Fermentation vessels arrive from the Netherlands

Date posted

18 September 2020


The construction of Scotland’s first biorefinery has taken a significant step forward with the arrival of six purpose-built 130,000-litre fermentation vessels from the Netherlands.

The implementation of Covid-19 restrictions in March prevented the arrival and installation of the vessels at Celtic Renewables’ new biorefinery plant in Grangemouth.

Now, six months on, the pioneering project is back on track and significantly, Scotland’s ambition to develop a low carbon green bioeconomy is closer to becoming a reality.

Martin Tangney with fermentation vessels

The Edinburgh Napier University spinout company applies microbiology expertise and modern process technology to produce high-value low-carbon biochemicals and next generation biofuel from biological waste and residues. 

The new plant is expected to process around 50,000 tonnes of residues each year from the whisky industry, adding value and sustainability to one of the country’s most important sectors.

Edinburgh Napier University Professor Martin Tangney, Founder of Celtic Renewables, said: “The biotechnology sector is based on innovation and Scotland excels in this aspect, but the really difficult part is converting research into production.

“This landmark event signals our capability to take ground-breaking University research and translate this into a thriving biotechnology industry in Scotland.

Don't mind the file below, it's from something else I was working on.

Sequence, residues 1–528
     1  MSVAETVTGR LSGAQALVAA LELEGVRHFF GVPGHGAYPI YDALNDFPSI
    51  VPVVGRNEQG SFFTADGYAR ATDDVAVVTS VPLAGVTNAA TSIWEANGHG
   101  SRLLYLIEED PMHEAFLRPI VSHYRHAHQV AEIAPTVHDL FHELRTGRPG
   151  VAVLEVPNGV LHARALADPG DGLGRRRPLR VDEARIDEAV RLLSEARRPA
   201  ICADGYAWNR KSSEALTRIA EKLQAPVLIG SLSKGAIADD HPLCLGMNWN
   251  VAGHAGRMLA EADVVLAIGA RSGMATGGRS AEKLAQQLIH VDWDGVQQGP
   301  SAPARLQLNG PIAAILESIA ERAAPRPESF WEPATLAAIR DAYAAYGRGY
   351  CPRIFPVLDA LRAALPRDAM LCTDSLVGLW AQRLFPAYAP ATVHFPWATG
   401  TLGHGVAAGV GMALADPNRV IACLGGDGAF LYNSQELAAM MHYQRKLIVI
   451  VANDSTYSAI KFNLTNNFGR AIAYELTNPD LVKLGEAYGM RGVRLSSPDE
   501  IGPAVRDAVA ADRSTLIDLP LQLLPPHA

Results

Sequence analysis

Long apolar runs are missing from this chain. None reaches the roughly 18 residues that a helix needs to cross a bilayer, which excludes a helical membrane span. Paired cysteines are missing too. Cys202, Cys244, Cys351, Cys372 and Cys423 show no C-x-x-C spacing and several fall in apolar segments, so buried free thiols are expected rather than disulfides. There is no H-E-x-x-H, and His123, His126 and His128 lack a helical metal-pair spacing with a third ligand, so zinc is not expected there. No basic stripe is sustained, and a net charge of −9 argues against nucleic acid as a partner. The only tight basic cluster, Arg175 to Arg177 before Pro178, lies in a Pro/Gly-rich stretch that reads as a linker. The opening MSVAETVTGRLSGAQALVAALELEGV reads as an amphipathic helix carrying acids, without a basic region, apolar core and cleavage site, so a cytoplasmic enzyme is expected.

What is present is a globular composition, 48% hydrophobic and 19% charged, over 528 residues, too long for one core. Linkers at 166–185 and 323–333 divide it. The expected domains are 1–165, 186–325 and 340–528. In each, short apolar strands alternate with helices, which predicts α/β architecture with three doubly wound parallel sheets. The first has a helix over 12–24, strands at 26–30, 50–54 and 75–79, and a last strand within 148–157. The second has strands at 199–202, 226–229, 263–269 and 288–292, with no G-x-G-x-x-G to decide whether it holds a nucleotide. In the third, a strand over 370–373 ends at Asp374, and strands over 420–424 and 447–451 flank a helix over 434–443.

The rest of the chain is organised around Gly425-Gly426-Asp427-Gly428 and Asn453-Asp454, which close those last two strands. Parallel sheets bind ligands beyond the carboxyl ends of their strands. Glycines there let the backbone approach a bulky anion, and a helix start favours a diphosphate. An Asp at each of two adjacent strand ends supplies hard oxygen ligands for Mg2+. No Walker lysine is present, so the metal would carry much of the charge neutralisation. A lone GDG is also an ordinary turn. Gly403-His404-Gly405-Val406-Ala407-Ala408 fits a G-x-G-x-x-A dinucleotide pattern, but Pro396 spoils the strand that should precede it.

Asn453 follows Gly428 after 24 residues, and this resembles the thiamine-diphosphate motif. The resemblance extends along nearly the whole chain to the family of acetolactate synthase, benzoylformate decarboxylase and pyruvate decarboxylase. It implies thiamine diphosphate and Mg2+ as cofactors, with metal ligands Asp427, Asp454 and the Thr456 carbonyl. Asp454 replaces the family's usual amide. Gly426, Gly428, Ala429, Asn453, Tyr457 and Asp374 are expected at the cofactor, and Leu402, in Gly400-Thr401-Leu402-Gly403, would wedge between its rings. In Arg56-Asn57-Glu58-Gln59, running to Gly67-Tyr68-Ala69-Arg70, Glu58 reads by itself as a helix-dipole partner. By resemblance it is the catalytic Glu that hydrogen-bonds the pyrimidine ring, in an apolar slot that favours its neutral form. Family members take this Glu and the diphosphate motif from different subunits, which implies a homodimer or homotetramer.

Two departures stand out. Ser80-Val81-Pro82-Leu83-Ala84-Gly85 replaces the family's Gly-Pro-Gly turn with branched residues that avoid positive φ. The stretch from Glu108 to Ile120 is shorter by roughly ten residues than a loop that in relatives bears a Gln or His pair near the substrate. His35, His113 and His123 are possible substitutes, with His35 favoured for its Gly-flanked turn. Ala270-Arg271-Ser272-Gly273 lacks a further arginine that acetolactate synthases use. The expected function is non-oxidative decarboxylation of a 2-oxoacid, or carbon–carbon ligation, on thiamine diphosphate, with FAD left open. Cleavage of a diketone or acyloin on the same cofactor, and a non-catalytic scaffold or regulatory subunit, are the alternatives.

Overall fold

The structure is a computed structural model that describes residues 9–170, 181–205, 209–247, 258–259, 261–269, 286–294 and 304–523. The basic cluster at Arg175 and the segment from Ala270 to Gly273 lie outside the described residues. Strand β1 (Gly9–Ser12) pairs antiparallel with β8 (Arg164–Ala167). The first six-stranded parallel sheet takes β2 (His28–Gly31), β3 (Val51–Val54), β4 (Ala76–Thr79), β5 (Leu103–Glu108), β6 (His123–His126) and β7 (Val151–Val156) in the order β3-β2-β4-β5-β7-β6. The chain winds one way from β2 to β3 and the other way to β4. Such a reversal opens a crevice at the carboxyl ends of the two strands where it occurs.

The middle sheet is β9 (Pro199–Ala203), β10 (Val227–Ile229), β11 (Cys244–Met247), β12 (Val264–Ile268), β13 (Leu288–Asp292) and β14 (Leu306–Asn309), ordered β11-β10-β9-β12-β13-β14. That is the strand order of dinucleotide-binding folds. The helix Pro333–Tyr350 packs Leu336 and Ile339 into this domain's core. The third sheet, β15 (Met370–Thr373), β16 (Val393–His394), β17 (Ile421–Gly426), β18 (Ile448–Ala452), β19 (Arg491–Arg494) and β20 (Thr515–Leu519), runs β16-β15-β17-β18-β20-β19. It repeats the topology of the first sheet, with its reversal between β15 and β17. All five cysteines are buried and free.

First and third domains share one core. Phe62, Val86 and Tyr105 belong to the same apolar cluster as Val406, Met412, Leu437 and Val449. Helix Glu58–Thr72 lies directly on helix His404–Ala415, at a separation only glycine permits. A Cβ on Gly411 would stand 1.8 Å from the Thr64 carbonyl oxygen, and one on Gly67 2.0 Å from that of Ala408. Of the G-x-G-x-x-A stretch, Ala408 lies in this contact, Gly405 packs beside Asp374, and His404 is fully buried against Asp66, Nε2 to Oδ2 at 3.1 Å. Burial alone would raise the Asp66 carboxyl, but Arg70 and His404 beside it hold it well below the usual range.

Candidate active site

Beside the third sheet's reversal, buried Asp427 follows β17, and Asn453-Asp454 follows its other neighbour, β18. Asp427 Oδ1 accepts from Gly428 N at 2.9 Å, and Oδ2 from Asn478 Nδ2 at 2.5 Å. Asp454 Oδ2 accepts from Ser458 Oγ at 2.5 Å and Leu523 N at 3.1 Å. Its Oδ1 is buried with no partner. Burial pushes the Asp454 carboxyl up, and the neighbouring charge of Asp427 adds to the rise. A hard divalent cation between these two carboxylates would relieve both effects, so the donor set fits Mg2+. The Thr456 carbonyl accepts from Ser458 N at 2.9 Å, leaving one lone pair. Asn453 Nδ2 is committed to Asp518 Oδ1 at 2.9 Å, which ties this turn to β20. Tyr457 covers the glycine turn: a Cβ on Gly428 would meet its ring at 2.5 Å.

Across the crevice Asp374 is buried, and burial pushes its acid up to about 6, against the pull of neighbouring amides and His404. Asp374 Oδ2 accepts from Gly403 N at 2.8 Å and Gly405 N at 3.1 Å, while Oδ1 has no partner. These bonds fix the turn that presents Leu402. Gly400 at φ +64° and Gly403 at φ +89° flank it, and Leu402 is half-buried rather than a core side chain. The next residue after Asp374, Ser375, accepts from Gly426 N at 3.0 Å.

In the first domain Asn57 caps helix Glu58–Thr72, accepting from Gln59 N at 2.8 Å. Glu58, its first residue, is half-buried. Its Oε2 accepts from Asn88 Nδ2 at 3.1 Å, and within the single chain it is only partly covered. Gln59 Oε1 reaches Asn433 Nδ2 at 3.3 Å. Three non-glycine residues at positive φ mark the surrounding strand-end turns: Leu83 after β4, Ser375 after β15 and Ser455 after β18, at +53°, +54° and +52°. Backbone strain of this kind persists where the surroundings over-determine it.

“As a business, we have always believed in the transformational impact of our innovation and this is needed now more than ever as we battle with the economic impact of Covid-19.  We are delighted to be part of the vanguard of biotechnology innovation in Scotland and look forward to playing our part in growing a new sustainable bioeconomy.”

The Industrial Biotechnology Innovation Centre (IBioIC), the organisation that connects industry, academia and government to bring biotechnology processes and products to the global market, has welcomed the news. 

The former Chief Scientific Advisor to the European Commission Prof Dame Anne Glover DBE and Chair of the IBioIC, said: ”IBioIC has an ambitious plan to stimulate the growth of the biotechnology sector in Scotland to a £900 million industry by 2025, and Celtic Renewables is one of the key players in achieving this ambition. This major milestone in the construction of Scotland’s first biorefinery of this scale is not only great for the circular economy but also the wider green recovery. IBioIC is hugely supportive of this sustainability focused approach.”

Attracting Celtic Renewables to Grangemouth has been a significant coup for Falkirk Council which has welcomed Celtic Renewables’ investment in Grangemouth. 

Falkirk Council Leader Cecil Meiklejohn said: “Celtic Renewables are important partners in developing the Falkirk and Grangemouth Investment Zone and we are delighted to have worked with them in to establish their plant at Grangemouth.  We have established a recovery plan for the area’s economy and the arrival of this new equipment to the site is a tangible sign of our commitment to a green recovery.”